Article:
Those who favored the Soviets' expansionist policy into India were promoted to higher positions of power, affluence, and prestige through various KGB/Novosti operations.[further explanation needed] Those who refused to cooperate with Soviet plans were the target of character assassination in the media and press.

Bezmenov stated that he was also instructed not to waste time with idealistic leftists, as these would become disillusioned, bitter, and adversarial when they realized the true nature of Soviet Communism. To his surprise, he discovered that many such were listed for execution once the Soviets achieved control. Instead, Bezmenov was encouraged to recruit the persons in large circulation, established conservative media, rich filmmakers, intellectuals in academic circles, and cynical, ego-centric people who lacked moral principles.

During that period, increasingly saw the Soviet system as insidious and ruthless, Bezmenov began careful planning to defect.[2] [3]

Defection to the West[edit]

In February 1970, Bezmenov clothed himself in hippie attire, replete with a beard and wig, and joined a tour group; by this means, he escaped to Athens, Greece. After contacting the American embassy and undergoing extensive interviews with United States intelligence, Bezmenov was granted asylum in Canada.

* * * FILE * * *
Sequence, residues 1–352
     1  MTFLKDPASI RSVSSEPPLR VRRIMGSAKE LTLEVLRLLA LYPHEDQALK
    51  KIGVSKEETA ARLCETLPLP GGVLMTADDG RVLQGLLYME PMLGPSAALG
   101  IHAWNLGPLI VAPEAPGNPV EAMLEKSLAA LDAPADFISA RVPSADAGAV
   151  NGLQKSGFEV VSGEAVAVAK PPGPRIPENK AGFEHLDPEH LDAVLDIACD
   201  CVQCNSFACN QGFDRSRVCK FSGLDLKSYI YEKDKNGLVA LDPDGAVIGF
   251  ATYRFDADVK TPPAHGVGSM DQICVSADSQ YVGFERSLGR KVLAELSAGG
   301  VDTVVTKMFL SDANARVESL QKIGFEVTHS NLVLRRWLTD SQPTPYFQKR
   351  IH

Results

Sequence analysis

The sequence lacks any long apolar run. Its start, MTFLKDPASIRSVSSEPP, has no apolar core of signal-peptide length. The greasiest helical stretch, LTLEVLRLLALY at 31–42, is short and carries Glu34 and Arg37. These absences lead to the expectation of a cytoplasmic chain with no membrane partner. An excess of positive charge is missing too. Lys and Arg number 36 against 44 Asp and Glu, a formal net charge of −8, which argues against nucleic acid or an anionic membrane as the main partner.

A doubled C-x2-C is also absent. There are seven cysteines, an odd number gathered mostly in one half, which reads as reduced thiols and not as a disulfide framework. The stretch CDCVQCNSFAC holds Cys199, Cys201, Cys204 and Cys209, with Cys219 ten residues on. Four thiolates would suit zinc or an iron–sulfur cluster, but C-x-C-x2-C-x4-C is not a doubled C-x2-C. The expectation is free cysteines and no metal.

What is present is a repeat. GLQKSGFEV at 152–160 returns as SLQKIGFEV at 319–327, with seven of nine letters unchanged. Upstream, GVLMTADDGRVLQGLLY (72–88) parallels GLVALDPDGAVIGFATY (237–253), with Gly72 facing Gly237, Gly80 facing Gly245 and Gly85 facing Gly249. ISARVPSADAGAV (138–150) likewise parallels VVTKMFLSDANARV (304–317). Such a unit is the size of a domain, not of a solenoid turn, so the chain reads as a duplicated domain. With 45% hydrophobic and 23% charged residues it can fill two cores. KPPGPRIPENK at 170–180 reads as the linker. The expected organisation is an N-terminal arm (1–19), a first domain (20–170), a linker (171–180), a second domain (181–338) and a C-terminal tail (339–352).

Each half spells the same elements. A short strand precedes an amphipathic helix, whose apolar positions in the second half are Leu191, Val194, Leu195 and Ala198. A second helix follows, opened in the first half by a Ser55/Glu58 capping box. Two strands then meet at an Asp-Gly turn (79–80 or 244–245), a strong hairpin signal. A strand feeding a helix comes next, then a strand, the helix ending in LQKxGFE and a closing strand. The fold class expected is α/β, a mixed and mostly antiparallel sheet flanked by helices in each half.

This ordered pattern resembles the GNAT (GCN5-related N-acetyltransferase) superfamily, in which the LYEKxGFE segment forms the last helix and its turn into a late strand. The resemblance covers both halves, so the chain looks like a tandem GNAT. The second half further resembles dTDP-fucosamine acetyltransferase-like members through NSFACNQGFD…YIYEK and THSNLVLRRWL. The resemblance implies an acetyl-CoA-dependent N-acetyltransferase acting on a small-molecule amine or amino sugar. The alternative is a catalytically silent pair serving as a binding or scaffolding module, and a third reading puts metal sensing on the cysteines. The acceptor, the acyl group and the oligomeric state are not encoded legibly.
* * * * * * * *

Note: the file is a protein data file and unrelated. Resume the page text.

In an interview with G. Edward Griffin, he detailed how Soviet help for inciting anger and uprising in East Pakistan (now Bangladesh) was the final straw in his personal decision to defect to the West. In the interview, Yuri details how USSR consulates in India were used to smuggle weapons and propaganda material to East Pakistan in a largely Soviet effort to break up the state of Pakistan, then a staunch Western and US ally.Video on YouTube

After studying political science at the University of Toronto for two years, Bezmenov was hired by the Canadian Broadcasting Corporation in 1972, broadcasting to the Soviet Union as part of the CBC's International Service. In 1976, the KGB compelled his departure from that position, and Bezmenov began free-lance journalism. He later became a consultant for Almanac Panorama of the World Information Network.[3]